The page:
No To Volcano Mulching


Volcano mulching is an improper tree care technique where, year after year, mulch is piled against the trunk of a tree. Properly planted trees (or naturally grown trees) will develop a characteristic root flare near ground level. Volcano mulch buries the root flare or, in young trees, prevents a proper flare from ever developing. Trees without proper root flare lack stability and are more prone to windthrow. Mulch piled against a tree’s stem also encourages disease and decay because the bark is almost always wet. To make matters worse, huge mulch piles interfere with good root development. For example, if the top few inches of soil are always moist, roots may not spread deeply into the ground. During a summer drought, your tree may be left high and dry!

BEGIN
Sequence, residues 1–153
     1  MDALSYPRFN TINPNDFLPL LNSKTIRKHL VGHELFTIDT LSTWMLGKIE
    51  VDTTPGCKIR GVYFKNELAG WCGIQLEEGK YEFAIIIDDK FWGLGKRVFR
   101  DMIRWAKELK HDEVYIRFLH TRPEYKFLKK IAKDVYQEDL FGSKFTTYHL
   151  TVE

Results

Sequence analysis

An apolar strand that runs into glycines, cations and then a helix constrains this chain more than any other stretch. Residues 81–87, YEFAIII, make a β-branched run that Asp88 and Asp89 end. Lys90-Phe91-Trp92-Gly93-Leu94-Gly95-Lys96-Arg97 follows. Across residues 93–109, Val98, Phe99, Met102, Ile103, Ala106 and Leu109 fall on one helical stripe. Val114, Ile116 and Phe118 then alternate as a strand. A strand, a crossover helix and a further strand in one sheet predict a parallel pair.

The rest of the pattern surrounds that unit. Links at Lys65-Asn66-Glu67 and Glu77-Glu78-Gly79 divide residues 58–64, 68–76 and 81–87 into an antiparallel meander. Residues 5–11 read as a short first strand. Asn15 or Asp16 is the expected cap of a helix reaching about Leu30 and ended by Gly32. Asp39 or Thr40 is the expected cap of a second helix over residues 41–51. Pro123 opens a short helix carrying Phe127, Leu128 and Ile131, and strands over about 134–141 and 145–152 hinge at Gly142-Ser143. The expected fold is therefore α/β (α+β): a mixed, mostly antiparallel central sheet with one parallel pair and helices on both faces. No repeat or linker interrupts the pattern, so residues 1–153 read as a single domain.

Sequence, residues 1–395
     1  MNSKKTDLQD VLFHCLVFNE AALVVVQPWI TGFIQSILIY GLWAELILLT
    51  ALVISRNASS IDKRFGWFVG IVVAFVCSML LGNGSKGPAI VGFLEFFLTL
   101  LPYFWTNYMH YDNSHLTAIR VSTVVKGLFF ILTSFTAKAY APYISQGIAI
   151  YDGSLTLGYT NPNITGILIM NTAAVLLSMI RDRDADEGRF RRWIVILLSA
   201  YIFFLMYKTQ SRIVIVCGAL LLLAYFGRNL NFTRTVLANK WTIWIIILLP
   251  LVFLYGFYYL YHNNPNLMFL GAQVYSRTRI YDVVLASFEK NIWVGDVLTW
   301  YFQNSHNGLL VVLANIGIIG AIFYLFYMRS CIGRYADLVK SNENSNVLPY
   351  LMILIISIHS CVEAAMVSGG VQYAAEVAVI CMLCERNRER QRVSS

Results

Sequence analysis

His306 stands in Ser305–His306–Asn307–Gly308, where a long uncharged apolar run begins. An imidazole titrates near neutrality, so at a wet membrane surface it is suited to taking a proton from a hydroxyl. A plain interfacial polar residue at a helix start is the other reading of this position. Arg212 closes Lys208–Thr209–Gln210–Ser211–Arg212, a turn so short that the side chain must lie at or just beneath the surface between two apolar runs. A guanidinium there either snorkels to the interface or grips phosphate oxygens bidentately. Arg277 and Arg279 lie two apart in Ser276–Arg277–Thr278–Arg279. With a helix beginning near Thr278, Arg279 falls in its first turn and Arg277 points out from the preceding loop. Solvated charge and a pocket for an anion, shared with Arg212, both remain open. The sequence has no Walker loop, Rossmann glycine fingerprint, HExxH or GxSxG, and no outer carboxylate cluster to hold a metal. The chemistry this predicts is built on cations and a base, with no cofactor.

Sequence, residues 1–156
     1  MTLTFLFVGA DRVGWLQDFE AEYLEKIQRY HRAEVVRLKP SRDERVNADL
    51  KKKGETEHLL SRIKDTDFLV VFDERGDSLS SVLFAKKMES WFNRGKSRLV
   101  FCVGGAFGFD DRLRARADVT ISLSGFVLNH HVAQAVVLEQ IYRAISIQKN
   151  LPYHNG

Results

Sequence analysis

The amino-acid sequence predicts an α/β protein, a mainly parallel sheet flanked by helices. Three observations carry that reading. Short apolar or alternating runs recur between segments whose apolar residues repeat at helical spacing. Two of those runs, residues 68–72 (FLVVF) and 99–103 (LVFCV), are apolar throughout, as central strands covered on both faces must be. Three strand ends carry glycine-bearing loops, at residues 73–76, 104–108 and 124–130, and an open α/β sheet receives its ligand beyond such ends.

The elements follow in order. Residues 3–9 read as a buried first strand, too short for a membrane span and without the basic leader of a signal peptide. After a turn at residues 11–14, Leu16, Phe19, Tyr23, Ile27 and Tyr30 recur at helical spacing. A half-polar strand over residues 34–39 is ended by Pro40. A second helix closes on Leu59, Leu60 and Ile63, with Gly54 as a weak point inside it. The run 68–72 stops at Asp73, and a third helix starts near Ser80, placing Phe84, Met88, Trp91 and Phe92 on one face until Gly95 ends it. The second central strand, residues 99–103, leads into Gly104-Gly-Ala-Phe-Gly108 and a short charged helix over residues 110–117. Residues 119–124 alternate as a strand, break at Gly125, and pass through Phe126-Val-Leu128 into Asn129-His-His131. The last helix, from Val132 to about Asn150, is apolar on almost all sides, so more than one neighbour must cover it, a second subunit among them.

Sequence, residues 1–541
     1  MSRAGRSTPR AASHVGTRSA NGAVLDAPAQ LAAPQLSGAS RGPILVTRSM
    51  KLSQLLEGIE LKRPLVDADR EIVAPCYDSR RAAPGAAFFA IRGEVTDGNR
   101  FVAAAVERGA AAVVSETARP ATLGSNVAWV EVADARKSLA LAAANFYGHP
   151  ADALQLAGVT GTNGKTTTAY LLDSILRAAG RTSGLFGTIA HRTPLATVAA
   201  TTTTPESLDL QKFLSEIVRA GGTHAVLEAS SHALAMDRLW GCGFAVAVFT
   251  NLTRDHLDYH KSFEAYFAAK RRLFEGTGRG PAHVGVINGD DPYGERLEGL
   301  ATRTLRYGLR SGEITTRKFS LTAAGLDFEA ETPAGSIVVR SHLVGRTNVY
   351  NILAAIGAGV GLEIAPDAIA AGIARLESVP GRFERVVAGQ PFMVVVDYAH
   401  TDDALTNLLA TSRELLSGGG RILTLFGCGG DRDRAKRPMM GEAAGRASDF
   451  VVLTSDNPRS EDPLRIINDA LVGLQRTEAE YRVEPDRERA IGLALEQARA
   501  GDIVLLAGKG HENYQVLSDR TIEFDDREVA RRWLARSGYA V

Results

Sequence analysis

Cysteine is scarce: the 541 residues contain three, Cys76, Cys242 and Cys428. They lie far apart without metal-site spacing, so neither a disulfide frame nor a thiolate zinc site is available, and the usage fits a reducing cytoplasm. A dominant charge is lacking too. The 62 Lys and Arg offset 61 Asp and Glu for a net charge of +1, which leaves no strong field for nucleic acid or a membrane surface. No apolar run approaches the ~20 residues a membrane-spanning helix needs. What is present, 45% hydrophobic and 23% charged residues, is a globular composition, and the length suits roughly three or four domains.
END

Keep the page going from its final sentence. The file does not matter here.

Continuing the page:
So, what is the proper mulching technique? Spread a layer of mulch 2-4 inches thick under your trees, ensuring no mulch touches the trunk. For younger or newly planted trees, spread the mulch to the dripline (the outermost part of the tree’s canopy where water drips onto the ground). For older, well-established trees, try the “3-3-3 Rule.” Spread a 3-inch layer of mulch in a 3-foot donut around the tree, leaving at least 3 inches between the mulch and the tree stem. With a bit of know-how, properly mulching trees is a simple task that will enhance the health of your trees.